Eur. Phys. J. AP
Volume 14, Number 3, June 2001
|Page(s)||199 - 231|
|Section||Instrumentation and Metrology|
|Published online||15 June 2001|
Precise in situ measurements of isotopic abundances with pulse counting of sputtered ions
Laboratoire de Physique des Solides, Bât. 510, Université Paris-Sud, 91405 Orsay, France
Corresponding author: email@example.com
Accepted: 26 March 2001
Published online: 15 June 2001
Ion counting with an electron multiplier (EM) is necessary when sputtered ions are used for in situ and precise isotopic abundance measurements (10−4 ) on small sample volume (about 100 μm3 for pure silicon). Measurements were performed on silicon samples bombarded with Cs+ ions by extracting negative secondary monatomic Si− ions. Pulse-height distributions (PHD) and isotopic ratios were used as diagnostic tools for repeatability studies. Repeatability could be greatly improved by determining the optimal position of the impact area on the conversion dynode and by addressing each isotopic beam properly focused on this area (adaptive optics). A simplified model based on Poisson's laws was developed to fit PHDs and allowed us to calculate quantum detection efficiencies versus thresholds. EM isotopic discriminations were determined with the resulting semiempirical algorithm so as to reconstruct the lost information and get data independent of threshold setting. To reach consistent results, quasi-simultaneous arrivals (QSA) on the conversion dynode had to be assumed and modelled using direct ionisation yields Si−/ Cs+ at different collection efficiencies. The QSA corrected data fitted well on the terrestrial isotopic fractionation line. Dead time uncertainties and possible emission non-linear isotopic fractionation processes were examined. PHDs from other elements and polyatomic ions were also discussed.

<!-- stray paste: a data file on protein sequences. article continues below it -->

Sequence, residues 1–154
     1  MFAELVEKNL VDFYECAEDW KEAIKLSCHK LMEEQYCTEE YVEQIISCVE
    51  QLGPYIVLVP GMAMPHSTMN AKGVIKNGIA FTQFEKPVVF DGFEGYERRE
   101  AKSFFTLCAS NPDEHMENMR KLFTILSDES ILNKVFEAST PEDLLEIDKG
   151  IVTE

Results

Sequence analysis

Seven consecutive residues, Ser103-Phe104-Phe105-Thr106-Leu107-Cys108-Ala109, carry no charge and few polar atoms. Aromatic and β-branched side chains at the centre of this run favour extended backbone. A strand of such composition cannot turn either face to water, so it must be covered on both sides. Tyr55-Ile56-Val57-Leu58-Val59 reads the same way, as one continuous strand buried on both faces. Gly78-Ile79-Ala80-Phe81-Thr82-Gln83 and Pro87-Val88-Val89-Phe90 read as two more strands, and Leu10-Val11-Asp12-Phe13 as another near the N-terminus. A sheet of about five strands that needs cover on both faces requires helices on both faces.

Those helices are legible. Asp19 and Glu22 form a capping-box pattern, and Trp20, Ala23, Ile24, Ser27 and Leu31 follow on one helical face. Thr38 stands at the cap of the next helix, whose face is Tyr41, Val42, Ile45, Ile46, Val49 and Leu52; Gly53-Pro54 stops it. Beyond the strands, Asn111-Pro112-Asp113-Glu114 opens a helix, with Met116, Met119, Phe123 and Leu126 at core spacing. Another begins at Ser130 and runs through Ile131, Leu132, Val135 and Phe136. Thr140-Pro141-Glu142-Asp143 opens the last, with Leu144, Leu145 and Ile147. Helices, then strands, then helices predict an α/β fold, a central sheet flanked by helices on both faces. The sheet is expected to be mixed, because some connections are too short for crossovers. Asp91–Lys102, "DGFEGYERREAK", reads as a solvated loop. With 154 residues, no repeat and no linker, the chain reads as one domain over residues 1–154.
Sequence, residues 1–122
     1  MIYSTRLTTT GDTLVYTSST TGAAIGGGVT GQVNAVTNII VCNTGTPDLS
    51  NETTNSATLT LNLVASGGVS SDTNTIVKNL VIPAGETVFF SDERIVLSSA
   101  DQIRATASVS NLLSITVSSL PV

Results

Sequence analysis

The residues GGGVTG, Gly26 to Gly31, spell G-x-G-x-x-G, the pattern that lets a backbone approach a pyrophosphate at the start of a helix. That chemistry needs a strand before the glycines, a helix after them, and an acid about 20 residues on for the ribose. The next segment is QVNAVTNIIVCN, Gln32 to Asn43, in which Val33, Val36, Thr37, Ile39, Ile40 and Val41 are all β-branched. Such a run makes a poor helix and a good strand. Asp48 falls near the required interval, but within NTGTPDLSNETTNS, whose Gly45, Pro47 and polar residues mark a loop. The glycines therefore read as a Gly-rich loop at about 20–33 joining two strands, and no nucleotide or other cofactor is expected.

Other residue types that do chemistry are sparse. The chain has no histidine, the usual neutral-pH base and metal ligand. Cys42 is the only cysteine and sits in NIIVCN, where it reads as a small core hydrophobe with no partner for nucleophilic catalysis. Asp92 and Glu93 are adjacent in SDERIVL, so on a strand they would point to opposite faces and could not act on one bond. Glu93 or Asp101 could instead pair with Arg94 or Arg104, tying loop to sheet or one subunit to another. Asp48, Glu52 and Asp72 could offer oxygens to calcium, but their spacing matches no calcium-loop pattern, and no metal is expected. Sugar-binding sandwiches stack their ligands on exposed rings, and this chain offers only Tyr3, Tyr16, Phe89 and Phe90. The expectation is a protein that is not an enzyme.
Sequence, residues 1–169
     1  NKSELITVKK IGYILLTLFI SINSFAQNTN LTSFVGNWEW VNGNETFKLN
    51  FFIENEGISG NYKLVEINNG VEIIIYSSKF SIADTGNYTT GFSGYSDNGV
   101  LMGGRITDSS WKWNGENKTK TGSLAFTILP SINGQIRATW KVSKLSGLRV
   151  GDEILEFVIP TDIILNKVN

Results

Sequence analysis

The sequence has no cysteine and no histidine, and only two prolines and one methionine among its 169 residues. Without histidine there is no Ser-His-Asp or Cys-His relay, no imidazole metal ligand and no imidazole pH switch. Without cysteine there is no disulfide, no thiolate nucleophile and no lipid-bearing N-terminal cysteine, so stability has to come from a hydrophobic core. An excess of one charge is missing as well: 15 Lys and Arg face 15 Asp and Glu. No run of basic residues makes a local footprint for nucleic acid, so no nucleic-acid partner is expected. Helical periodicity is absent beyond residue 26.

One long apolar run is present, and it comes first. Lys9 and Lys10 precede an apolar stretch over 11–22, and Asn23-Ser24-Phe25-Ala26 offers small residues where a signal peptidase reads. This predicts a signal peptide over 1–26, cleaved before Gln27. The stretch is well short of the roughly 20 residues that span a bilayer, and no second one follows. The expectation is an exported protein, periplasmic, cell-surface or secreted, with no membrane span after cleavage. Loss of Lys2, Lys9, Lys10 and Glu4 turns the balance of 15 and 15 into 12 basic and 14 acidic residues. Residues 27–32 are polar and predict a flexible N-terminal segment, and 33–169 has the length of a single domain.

PACS: 07.77.Ka – Charged-particle beam sources and detectors / 79.20.Hx – Electron impact: secondary emission / 91.65.Dt – Isotopic composition/chemistry
© EDP Sciences, 2001
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